Posts Tagged ‘culture’

When Cuba Sneezes

When a women sneezes in Cuba, a gentleman will often say, “Salud, porque belleza sobra.”  Loosely, “to your health, because your beauty is already overwhelming.”

Although this simple phrase seems a little over the top to me, it’s a microcosm of the eternal optimism and innate opportunism of the Cuban culture.  A sneezing women could mean a cold, bad allergies or worse. But to a Cuban, it’s an opportunity to remind a lady that she is beautiful.

This attitude is both sad because of the resignation that exists to the brutal communist rule, but also hopeful because of the resilient faith that lives independently in the hearts of so many Cubans.  Many have written that Cuba is a country in waiting.  Some say it is waiting for the end of the US embargo, others say the end of Castro’s rule.  But the Cubans I’ve met aren’t waiting for anything. They’re living their lives as best they can in the political and economic environment that surrounds them.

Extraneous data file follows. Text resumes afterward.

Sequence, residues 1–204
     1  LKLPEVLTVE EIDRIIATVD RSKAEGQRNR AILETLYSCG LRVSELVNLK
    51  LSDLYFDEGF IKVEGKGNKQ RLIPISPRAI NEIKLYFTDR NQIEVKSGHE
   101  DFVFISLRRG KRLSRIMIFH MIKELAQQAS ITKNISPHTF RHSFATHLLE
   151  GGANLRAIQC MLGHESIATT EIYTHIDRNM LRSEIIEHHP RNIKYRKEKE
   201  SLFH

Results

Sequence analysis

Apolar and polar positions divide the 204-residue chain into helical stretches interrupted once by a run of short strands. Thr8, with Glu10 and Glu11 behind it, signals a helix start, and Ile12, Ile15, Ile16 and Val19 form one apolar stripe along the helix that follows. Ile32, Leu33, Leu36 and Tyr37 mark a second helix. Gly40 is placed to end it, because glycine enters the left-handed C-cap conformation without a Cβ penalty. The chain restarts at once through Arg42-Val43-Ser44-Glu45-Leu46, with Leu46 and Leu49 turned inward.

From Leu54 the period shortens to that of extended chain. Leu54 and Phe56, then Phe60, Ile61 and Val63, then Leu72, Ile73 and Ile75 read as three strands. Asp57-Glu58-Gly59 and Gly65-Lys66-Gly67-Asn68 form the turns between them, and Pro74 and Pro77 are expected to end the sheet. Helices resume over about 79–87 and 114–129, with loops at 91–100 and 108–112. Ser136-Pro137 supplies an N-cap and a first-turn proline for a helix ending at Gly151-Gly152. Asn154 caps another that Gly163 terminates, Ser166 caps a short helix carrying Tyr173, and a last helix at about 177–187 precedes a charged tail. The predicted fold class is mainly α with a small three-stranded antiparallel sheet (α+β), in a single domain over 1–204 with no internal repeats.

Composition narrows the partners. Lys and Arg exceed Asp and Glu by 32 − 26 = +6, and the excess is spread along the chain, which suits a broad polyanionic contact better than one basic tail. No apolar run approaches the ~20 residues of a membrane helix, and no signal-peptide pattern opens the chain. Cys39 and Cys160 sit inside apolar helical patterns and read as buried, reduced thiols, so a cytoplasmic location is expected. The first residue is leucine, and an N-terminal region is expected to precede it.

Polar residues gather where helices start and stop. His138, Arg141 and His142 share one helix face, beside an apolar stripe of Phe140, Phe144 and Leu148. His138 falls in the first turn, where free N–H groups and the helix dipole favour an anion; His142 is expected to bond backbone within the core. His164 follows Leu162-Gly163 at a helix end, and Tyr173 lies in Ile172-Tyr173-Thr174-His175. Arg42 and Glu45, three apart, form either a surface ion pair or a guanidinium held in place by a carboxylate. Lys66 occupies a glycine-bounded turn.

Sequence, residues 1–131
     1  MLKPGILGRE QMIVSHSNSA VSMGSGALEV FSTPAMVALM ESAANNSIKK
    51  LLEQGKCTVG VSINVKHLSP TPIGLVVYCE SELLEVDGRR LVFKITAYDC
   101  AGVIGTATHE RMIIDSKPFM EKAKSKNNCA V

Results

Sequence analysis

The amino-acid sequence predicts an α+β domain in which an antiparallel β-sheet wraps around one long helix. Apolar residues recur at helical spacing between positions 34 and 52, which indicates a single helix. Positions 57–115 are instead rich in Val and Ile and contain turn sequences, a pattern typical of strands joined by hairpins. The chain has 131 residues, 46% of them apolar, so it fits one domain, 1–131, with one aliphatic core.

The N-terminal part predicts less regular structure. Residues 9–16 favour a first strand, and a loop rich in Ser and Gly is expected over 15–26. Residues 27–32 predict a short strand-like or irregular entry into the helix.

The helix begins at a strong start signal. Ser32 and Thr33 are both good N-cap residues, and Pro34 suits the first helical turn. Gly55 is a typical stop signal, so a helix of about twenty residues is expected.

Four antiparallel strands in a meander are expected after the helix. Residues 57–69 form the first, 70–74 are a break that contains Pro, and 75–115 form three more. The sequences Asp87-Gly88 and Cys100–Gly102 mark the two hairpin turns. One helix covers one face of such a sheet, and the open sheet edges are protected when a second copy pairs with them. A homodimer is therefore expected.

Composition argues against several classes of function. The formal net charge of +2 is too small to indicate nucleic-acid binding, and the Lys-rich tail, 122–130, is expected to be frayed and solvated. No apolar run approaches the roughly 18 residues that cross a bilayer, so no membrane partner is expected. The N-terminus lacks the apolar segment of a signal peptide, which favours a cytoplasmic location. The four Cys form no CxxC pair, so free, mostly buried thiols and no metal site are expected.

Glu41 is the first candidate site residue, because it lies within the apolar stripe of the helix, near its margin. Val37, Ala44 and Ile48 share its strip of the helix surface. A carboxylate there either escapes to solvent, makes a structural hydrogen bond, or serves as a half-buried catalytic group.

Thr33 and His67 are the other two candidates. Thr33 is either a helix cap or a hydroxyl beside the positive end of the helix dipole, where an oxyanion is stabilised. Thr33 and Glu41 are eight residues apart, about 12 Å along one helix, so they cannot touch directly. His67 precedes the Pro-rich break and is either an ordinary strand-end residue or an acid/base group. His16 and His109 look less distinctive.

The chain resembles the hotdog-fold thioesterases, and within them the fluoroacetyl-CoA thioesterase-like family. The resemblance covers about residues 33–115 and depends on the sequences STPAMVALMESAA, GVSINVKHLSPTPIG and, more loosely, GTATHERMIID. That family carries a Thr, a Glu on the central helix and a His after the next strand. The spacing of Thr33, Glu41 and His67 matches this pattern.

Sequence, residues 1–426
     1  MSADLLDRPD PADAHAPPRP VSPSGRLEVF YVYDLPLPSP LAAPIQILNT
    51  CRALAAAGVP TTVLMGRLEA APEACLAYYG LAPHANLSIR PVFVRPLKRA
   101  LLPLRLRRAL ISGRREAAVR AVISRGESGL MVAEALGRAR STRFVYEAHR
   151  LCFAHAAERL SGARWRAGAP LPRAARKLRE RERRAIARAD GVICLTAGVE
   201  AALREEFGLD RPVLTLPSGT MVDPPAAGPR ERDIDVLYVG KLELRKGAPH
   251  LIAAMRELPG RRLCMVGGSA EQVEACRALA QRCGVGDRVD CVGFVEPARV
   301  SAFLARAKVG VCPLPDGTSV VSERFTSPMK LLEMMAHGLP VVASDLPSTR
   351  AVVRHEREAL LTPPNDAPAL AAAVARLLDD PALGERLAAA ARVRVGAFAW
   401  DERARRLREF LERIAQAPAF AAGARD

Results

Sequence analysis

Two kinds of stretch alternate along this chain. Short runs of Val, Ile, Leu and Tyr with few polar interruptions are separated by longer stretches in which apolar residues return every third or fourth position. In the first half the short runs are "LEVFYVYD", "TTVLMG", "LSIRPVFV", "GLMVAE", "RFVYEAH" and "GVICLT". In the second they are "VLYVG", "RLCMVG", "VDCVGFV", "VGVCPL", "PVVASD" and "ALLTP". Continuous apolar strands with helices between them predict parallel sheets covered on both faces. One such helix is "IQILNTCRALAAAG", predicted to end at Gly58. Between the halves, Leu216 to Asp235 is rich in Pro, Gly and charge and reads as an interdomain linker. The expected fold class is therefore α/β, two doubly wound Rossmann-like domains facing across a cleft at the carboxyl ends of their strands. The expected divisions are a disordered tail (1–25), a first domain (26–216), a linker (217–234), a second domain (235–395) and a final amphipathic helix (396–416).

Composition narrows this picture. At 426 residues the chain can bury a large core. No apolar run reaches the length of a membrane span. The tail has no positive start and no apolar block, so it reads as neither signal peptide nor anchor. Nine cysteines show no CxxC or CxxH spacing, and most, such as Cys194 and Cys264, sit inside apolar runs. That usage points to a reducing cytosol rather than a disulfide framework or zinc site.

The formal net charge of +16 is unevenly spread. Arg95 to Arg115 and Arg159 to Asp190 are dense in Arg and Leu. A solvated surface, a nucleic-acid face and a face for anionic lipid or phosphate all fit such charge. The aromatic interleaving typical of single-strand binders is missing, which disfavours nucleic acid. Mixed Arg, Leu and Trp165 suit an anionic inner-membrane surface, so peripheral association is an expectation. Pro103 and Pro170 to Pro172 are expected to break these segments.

And like a sneezing women, the Cuban economy has symptoms of illness.  When the Soviet Union fell, it abruptly stopped fueling the Cuban economy and no one stepped up to replace them.  Since then, Cuban life has puttered along like a ’56 Ford on a Havana street.  The old Ford has lost its shine, gets no factory made replacement parts, has tires that are patched and mismatched, and is powered by a long line of black-market engines made in Russia, Japan or China.  The engine is known but not seen by the Cuban government, and kept running day to day by the ubiquitous, resourceful, genius, bribe-paying, never-say-can’t mechanic. 

Cuba’s Mercado Negro, its black market, is what keeps cars on the road, food on the table and shoes on feet.  Without it, there’s no Cuba.  The state economy has no street cred and most Cubans don’t have an on ramp to the information highway.

 Other than a carefully controlled tourist industry (fed by cheap or adventurous Canadians, Europeans, and Asians) Cuba is isolated from the “global economy.”  In other words, when the global economy is sick, Cuba keeps puttering along.  And when Cuba sneezes, nobody notices.  


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